Happily, I've reached an age and am in a small enough apartment that I do not do big family dinners, I merely contribute, modestly. This morning, it is an apple pie. These are the after and before photos, I even admit that the crust is courtesy of the Pillsbury company.
As I stood slicing apples I realized that all over the USA millions of women were also in their kitchens (and a few men, I hope) preparing dinner. Thanksgiving began as a havest festival, we are told. Our history usually neglects to mention that havest festivals are as old as the beginning of agriculture. Some of us still grow our food, or some part of it, but most of us are modern hunter gatherers, roaming supermarket aisles gathering foods from many places around the globe. Apples are grown nearby but I don't believe these came from a hundred or five hundred miles away. However, I also made some spiced cranberries for the feast and those came from no more than 20 miles away.
I am not a party to the shopping frenzy that is a part of this holiday weekend. "Black Friday" and all the shopping in stores and online that is expected in the next few days is another kind of hunting-gathering. We are no longer an agrarian culture. We are a manufacturing/comercial culture. All those people in the big box stores and others, those surffing the web for the best bargains, are present day gatherers.
We talk about giving thanks, and I think the majority of people will pause, at least briefly, to consider the bounty on their tables. I know many have given time or money to organizations that will give dinners to the needy today ... in America. Around the world many, many are hungry and needy. A small proportion of people will remember that -- the destitute in the Philippines, refugees in and from Syria, and many, many others on every continent. When the day was designed for us to enjoy what we have, pausing even briefly to consider the less fortunate is difficult. However briefly, a moment of compassion will enhance our day.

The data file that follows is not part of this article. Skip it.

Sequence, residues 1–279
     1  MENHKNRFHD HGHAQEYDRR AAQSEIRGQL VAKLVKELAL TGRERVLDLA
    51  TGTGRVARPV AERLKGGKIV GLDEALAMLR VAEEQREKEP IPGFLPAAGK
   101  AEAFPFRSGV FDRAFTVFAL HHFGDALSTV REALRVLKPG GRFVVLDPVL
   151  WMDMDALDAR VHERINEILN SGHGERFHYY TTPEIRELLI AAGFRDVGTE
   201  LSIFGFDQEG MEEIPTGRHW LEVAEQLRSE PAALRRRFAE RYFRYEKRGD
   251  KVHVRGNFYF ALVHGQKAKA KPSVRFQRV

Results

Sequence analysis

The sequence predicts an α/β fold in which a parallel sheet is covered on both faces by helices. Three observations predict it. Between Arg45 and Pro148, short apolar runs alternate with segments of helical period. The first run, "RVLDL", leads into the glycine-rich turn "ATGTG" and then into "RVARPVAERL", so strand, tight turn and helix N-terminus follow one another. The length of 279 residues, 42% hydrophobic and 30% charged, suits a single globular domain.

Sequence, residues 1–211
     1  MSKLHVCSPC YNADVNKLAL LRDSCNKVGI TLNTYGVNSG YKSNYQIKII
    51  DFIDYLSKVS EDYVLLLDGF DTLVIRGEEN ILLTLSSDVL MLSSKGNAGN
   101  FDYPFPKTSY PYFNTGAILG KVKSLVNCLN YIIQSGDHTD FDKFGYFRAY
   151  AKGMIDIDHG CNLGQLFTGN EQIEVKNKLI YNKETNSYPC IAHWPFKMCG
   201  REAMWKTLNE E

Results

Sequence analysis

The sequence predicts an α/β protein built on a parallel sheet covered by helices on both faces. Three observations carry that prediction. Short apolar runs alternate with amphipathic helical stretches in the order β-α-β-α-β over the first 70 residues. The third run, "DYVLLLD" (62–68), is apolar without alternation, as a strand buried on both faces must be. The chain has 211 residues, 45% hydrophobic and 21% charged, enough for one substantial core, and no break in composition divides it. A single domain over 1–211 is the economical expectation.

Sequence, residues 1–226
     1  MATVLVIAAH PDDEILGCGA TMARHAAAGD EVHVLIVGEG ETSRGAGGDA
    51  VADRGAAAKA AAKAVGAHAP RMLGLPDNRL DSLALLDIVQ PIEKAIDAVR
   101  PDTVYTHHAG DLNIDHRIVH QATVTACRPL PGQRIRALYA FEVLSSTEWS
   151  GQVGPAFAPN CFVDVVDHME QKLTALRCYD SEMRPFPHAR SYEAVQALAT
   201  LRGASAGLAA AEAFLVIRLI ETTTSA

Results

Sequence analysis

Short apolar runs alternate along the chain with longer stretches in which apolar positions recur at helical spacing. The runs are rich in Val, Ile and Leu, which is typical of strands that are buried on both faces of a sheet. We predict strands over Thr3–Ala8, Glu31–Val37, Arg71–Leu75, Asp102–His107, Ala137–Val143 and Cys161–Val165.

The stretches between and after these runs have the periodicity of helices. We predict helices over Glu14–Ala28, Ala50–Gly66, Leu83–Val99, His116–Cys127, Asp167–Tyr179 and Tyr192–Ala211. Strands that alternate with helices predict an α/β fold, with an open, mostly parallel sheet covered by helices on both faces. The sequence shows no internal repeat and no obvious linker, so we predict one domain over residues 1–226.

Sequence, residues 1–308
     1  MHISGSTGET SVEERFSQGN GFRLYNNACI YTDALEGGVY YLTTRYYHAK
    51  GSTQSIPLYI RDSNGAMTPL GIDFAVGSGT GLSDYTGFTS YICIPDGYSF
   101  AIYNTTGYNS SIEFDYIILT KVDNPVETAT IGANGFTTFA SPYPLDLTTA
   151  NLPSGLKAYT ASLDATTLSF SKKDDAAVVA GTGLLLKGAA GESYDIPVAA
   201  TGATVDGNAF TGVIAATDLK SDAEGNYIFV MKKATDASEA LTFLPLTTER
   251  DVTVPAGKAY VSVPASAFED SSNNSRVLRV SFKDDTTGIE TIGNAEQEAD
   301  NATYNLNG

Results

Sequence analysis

Driving on Rte. 28, a two-lane road, lined with trees in greater proportion than the various homes and commercial areas along that 15 mie stretch, I was constantly in awe of the magnificence that has fallen upon Cape Cod for the last three or four weeks. Even the years I lived upstate in New York where brilliant foliage is expected, I sometimes saw great hillsides blazing in these reds, oranges, and golds and bronze, I never felt so enveloped with gorgeousness. Of course I have no photos of those specific trees because I was driving and I didn't have my camera with me anyway.
The conjoining of crisp nights and mild days (although yesterday was bitingly chilly) has given us an autumn that blazes in brilliance. I kept interrupting my passenger's conversation to exclaim on the beauty. I wasn't trying for silent awe but I was excited to be able to share the spectacle with another person. Usually we have the nasty end of some hurricane (last year, memorably, it was Sandy) that tears the leaves from the trees, or the balance of chilly and warm just doesn't happen. This year is a gift. I'm delighted that tomorrow I have another 10 mile drive on a two-lane road. Much too soon the leaves will fall and then the snow will also fall (not too much, I hope) although it, too, has its kind of breathtaking beauty.